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I went to get cellular service today. I wrongly assumed that somehow a private company might be efficient and fast.
I went to one of the big cell providers here, which goes by the brand of Movistar-yes, that is a take on “Movie Star.” Funny how these twists on English take on such marketing power in a non-english speaking market. It’s actually run by a Telefonos de Espana, a spanish company. You go in, go up to the guy at the electronic info kiosk, and tell him what you need. He touches the screen according to your request, the machine spits out a number and you take a seat in front of the big screen TV. I was pleasantly surprised when my number came up after no more than a five minute wait, although there must have been twenty people there at the time I entered.
I went to the window corresponding to my number, and sat down in front of a young Ecuadorian woman. She asked me what I needed and I explained I just wanted a basic plan, no bells and whistles, and wanted to use a phone I already owned, which I presented to her. I gave her my passport and credit card and the process begun.
She seemed to be efficient and all business. I wish I could have seen what was on her screen, because though she asked me most of the regular questions only once-name, addresss, phone number, etc-it took over 45 minutes to complete the process. She must have gotten up three or four times to go somewhere with my passport. It seemed like she entered all the information not once, not twice, but at least three times. Not only did she have to type everything into a computer, but also had to fill out a sheet of paper that measured no less than 16 x 22 inches, with all the same information. This ultimately became my receipt.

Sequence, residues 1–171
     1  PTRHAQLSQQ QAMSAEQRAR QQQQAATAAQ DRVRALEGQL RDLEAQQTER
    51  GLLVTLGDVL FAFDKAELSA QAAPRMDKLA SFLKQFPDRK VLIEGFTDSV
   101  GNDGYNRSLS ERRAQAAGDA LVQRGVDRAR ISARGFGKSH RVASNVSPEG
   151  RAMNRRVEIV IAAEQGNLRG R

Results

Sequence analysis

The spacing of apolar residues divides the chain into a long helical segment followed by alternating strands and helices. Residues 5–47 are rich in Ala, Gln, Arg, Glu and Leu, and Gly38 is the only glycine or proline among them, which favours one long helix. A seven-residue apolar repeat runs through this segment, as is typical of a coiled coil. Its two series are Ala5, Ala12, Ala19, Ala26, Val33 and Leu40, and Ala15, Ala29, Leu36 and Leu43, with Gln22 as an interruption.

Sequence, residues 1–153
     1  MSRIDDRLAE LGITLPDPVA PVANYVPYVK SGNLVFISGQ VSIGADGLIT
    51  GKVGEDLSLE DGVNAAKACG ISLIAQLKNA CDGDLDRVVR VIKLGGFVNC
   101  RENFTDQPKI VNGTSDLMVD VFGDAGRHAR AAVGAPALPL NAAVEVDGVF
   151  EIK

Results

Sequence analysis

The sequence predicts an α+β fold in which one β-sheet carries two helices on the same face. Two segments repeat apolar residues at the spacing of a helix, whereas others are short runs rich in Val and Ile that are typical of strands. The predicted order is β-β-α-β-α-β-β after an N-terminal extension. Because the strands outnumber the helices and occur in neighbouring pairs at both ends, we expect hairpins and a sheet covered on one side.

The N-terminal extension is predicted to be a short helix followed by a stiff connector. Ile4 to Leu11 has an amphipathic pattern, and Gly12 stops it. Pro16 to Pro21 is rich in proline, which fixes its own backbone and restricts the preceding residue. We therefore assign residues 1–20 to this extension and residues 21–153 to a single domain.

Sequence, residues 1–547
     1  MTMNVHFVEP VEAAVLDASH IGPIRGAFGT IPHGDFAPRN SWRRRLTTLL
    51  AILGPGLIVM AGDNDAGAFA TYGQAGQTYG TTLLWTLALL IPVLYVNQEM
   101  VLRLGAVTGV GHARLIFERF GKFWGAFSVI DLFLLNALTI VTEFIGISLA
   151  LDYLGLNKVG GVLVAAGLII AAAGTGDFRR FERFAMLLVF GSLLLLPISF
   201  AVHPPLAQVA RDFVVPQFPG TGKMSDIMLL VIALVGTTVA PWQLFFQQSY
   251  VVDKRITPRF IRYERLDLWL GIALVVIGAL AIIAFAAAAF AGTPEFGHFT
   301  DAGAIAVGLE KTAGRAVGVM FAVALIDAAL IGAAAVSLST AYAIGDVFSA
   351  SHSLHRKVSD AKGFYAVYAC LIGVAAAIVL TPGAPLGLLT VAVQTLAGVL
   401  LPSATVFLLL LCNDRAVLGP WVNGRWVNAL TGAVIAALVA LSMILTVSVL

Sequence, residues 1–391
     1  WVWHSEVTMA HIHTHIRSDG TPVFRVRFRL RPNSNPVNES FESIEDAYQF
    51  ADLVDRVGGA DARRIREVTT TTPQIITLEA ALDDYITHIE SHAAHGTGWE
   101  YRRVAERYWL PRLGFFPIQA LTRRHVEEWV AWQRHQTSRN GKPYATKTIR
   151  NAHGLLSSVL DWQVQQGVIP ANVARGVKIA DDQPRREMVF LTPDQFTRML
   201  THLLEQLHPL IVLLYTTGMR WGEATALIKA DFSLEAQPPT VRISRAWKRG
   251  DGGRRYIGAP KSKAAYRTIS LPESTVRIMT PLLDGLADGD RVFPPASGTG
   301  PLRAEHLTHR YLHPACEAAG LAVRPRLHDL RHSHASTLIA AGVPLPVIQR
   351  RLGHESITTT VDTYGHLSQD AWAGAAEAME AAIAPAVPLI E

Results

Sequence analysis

Beyond the basics, she asked me other questions that make you wonder if they really need to know-maybe it’s for marketing, but who knows…your employer? are you married? Do you have kids? Of course, these same questions are often asked on job interviews here-not necessarily to weed people out, but because things generally operate on a more personal level here. At the same time, there are none of those protections of civil liberties like you might find in the US that prohibit these kind of questions here. And frequently, such information is used to discriminate. So of course, they still seem kind of weird and intrusive to me.
Once I got the printed receipt in duplicate as well as the giant sheet copy, I was sent down to the delivery window. I handed over a copy of my printed receipt, received my SIM chip for the phone, and the receipt was stamped “Entregado”-Delivered. Stamps are used everywhere here, giving a feeling of bureaucracy and officialdom to even the smallest purchase or transaction. I put the chip in my phone, and ironically, within minutes I was connected.